Back Yard Shade GardenTraditional Landscape, Santa Barbara
lynnlandscapedesign.com - Back yard shade garden using classic garden favorites, including Hydrangea, Heliotrope and Ajuga. A path from the pergola leads to a tennis court behind the trees. Working with the arborist employed to maintain the oaks on the 4 acre property, care was taken to plant and irrigate in such a way as to protect the mature trees.
What Houzz contributors are saying:
Trim your trees. Lindsay points out that broken tree limbs should be addressed for everyone’s safety, but especially a pet’s. “The only time you really notice it is when the tree’s still bare, and you know, summer comes along and all the foliage grows in and you can’t even see it anymore, but now it’s heavier, and it’s going to fall,” she says. “It probably is going to miss everybody, but the dog is in the backyard more than you are.”
As part of assessing conditions, consider what you already have and what you you might want to remove. On our current property, there is an 8- by 80-foot bed that runs the length of one our yards and borders the woods. The previous homeowner installed a post and rail fence but planted nothing taller than 12 inches. Years ago a friend helped me dig everything out and replant it with a variety of shrubs and perennials. It was beautiful, but I'm in the process of taking it all out. Our gardens have changed. I already have so much to maintain, and such a large bed at the edge of our property isn't a priority. We removed the fence, and I'm in the process of removing the plants. Many I'll be able to reuse, but some I'll be offering to friends, which is why you should:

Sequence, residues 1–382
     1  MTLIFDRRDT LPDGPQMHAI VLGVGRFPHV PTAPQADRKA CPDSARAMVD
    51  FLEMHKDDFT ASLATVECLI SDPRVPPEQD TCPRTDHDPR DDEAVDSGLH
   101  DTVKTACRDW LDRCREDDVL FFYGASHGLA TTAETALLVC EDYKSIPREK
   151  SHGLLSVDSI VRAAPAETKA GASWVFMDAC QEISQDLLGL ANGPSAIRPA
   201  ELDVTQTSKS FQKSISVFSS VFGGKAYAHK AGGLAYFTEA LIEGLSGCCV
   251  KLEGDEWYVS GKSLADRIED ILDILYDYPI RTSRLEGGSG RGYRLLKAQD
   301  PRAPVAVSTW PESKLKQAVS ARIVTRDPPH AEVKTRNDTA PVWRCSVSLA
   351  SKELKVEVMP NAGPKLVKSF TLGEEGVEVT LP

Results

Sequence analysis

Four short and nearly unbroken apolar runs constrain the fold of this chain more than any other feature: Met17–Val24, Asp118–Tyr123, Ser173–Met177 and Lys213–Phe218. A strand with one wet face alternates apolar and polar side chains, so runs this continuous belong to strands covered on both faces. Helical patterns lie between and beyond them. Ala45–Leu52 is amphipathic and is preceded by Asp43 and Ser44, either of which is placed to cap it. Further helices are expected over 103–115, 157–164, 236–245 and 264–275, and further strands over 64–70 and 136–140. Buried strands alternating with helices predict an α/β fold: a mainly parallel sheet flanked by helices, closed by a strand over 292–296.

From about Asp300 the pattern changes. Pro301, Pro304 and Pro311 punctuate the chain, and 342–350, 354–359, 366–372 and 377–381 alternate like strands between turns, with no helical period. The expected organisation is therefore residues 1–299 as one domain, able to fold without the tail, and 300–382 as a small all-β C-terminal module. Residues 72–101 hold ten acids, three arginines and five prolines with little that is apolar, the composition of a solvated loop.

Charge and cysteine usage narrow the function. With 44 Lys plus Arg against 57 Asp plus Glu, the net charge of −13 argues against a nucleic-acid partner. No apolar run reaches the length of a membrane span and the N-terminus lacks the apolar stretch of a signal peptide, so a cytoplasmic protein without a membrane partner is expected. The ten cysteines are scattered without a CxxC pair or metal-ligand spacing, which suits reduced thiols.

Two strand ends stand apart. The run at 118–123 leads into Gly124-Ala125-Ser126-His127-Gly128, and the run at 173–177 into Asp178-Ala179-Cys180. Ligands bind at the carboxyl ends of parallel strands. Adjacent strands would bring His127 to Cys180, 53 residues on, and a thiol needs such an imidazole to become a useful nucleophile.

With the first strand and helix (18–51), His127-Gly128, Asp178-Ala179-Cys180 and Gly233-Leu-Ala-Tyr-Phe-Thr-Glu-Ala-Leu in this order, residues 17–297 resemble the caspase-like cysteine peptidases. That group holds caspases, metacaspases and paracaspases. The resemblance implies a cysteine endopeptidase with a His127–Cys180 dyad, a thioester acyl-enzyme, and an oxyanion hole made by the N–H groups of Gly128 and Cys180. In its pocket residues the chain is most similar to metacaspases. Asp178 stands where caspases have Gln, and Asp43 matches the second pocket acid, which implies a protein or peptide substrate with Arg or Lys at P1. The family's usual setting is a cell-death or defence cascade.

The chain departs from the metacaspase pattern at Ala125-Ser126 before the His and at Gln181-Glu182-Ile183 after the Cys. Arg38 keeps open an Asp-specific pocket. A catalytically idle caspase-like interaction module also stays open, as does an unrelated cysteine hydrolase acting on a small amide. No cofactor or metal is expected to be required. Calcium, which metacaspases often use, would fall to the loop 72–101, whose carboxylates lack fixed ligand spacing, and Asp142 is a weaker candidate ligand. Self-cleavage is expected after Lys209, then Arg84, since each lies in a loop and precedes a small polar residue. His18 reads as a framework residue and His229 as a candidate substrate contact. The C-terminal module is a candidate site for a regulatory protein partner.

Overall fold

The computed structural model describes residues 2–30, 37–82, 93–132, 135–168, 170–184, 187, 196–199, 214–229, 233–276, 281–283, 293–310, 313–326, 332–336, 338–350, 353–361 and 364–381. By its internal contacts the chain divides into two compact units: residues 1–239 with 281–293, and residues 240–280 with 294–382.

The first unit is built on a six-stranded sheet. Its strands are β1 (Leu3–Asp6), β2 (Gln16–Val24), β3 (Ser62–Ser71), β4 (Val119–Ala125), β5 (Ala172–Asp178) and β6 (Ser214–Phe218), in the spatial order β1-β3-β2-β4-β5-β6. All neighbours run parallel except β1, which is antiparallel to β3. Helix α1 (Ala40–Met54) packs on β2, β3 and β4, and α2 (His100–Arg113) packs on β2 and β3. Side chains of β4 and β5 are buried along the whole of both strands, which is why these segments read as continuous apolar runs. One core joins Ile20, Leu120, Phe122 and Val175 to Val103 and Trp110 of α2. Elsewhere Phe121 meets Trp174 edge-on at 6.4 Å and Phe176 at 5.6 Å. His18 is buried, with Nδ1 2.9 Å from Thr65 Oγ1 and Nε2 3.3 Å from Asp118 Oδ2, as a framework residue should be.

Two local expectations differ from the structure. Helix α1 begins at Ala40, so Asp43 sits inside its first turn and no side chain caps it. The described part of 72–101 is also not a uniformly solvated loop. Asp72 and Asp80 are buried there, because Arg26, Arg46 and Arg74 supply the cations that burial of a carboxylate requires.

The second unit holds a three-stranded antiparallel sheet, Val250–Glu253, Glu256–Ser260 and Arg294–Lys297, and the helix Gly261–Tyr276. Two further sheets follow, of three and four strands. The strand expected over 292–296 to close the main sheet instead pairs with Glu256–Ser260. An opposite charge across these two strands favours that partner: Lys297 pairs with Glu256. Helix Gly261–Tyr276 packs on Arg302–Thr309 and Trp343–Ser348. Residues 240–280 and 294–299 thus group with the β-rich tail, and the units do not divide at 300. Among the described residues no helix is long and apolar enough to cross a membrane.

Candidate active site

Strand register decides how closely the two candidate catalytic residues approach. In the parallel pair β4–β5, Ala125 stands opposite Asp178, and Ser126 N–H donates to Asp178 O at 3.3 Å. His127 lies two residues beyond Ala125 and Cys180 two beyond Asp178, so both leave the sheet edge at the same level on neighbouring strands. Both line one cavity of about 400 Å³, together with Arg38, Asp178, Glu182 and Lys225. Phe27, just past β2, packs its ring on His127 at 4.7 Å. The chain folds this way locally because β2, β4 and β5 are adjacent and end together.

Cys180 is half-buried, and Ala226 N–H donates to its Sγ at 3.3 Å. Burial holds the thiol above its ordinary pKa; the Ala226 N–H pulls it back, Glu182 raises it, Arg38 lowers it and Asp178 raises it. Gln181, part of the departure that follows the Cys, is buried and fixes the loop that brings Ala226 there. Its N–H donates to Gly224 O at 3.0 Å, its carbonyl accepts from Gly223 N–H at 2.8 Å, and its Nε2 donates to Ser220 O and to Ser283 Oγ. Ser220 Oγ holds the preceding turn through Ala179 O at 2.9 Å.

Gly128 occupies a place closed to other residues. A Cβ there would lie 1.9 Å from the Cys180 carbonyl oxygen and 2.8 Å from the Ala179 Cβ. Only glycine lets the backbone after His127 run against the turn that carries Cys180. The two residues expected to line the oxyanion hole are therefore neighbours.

Timelessness. What makes this border abundant? For one thing, no soil is exposed, thanks to mature plantings and a well-defined canopy and understory. I love the balance between each planting layer, from the ancient live oak trees overhead to the plump hydrangeas, to the heliotropes and ajuga that knit everything together. Several of the abundant design concepts I admire appear in this scene, including a sense of timelessness. The pergola is partially obscured by a healthy wisteria, which has entwined itself around the posts and beams. Imagine being seated there, away and unplugged — thoroughly embedded in this garden.